However, in doing this, there are times when I have followed somebody who then starts to send inappropriate tweets to me. For me personally, these are sexual tweets or tweets written in a language I cannot understand i.e., where I do not know what is actually being written and being made visible to my followers. In these situations, via the Twitter settings, I choose to "block" these accounts. This action automatically un-follows them but also stops their tweets from being visible on my timeline.
As with any social media, it can be open to abuse and thus needs to be monitored from time to time.
When to Tweet
When I was a commercial photographer, I wanted businesspeople to interact with me and thus targeted more of my sales tweets to the middle of the day during office hours. However, over the last few months, I have started to promote my tuition and mentoring services. My clients tend to look this up after work when they've got home, and thus I target my main tweets to go out in the early evening.
I actually tweet 15–20 times a day on a wide number of subjects. My tweets containing information directly relating to my business only account for 5–10% of the total number of tweets I generate each day. The other tweets are on subjects that my clients may find interesting, even though totally unrelated to my business. For example, I get a lot of interest in the tweets of recipes I generate, especially recipes for evening meals which is when people are reading and interacting with the tweets.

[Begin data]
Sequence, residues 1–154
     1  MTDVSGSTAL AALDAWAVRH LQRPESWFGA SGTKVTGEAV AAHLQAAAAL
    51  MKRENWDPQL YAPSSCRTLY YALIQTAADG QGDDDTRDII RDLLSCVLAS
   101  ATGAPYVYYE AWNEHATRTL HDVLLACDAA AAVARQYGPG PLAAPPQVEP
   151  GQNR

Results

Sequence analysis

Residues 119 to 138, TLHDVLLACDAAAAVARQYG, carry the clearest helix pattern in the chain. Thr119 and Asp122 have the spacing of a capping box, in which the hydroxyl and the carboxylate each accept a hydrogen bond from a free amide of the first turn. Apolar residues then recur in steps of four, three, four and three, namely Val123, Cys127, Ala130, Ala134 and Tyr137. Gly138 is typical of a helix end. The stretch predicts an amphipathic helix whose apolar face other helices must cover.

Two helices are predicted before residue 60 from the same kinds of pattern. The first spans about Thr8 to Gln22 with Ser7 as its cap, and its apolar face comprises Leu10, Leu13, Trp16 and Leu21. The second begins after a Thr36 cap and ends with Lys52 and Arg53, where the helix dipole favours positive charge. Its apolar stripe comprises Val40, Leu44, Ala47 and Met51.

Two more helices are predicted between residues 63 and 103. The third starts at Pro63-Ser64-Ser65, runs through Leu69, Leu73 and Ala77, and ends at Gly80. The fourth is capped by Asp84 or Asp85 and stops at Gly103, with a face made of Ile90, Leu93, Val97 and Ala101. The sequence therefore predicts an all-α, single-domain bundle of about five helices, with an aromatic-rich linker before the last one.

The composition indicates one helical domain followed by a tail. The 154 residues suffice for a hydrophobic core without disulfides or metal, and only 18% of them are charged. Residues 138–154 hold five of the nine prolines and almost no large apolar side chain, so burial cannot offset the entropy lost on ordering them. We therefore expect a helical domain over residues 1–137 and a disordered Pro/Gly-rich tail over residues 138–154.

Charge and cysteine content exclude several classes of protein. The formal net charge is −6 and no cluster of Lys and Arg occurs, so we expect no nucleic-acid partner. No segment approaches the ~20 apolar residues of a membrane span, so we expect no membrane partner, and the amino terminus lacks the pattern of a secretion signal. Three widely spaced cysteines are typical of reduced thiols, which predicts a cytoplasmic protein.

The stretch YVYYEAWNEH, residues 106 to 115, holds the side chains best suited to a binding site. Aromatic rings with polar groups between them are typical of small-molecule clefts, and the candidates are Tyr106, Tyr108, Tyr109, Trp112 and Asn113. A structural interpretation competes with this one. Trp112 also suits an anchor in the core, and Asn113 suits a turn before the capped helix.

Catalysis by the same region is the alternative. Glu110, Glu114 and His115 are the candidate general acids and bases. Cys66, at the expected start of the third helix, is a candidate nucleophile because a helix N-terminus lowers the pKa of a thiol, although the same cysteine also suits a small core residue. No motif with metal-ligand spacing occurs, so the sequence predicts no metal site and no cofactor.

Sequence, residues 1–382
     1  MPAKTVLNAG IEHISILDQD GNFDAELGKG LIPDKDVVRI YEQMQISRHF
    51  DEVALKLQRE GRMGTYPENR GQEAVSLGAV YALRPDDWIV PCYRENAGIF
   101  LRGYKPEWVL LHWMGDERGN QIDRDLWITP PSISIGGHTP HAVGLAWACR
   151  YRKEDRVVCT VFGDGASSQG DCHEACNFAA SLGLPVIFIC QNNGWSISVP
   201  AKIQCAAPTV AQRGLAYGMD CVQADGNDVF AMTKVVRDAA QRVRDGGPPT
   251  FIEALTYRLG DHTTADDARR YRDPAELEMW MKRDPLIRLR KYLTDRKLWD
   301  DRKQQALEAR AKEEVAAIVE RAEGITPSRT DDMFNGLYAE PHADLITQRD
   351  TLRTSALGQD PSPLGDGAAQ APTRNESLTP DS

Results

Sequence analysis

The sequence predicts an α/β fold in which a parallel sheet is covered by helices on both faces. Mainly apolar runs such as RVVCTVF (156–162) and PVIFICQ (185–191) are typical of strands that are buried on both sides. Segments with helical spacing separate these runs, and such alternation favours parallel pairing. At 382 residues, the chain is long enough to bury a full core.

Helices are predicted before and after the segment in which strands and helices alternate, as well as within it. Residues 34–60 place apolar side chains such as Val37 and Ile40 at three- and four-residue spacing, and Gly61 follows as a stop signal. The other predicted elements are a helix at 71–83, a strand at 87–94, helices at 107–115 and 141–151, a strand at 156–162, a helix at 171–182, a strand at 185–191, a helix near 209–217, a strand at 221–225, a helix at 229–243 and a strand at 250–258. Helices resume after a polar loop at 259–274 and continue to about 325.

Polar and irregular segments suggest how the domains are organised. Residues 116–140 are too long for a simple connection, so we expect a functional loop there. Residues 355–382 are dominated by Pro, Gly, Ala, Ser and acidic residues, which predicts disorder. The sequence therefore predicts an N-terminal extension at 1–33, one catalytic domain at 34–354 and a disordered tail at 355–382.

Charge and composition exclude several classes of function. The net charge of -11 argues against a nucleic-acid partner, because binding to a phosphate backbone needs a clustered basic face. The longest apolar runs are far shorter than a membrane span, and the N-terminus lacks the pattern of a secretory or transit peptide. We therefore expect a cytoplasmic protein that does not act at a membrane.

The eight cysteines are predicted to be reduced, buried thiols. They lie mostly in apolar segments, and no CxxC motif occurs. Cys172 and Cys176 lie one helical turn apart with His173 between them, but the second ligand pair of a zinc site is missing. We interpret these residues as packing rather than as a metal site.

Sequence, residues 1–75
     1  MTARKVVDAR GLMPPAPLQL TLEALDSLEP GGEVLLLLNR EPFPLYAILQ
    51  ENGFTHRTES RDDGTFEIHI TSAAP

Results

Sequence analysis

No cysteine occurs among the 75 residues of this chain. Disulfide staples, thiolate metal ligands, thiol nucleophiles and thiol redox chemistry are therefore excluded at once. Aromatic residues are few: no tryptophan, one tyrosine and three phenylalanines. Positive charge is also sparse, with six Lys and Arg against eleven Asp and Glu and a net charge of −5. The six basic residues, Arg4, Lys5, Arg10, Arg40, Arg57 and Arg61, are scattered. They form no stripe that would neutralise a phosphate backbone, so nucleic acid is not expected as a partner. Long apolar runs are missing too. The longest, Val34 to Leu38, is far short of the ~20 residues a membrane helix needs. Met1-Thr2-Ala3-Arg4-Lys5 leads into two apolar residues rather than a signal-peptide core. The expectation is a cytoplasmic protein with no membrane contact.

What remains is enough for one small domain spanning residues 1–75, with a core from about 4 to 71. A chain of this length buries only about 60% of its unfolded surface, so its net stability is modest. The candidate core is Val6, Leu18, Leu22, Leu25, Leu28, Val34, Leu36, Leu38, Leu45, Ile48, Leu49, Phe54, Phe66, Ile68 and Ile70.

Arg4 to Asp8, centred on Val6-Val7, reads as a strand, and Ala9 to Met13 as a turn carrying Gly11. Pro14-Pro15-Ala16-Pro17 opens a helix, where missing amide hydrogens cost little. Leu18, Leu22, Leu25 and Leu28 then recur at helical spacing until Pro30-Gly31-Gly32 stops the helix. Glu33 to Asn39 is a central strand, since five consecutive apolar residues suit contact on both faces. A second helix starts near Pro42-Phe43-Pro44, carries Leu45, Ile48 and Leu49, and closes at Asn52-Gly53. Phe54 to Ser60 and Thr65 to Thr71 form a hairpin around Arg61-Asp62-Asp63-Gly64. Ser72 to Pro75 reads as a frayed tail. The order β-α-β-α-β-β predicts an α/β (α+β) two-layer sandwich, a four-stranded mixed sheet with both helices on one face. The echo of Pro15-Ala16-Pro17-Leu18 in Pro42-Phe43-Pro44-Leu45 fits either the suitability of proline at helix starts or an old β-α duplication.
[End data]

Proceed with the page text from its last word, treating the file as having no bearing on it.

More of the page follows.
As you can see, Twitter gives every user free information of when in the day is the best time to tweet for the tweets they are currently generating. This graph is visible on your profile page.
Automate for Ease
If you don't want to spend hours per day on Twitter and the internet, trying to find things to tweet about, then use online apps to automate your system.
In picking apps to use, I always start with a "free" service and then choose if I want to upgrade to the paid service depending upon how good the product is. Personally, I never start immediately with the paid-for service; I always want to test first. Likewise, I have an aversion to dealing with programs that are only free. If a company has no means of monetizing their product, then there's a risk that they might cease trading or change the product ad-hoc with little attention given to the impact on the people using the app. I always prefer to deal with companies where there is clear monetization of their product, and thus they have a vested interest in continuing to provide me, their customer, with a good service.
There are two apps, discussed below, that I use on a daily basis: "Buffer" and "Crowdfire".
- Buffer - A Smarter Way to Share on Social Media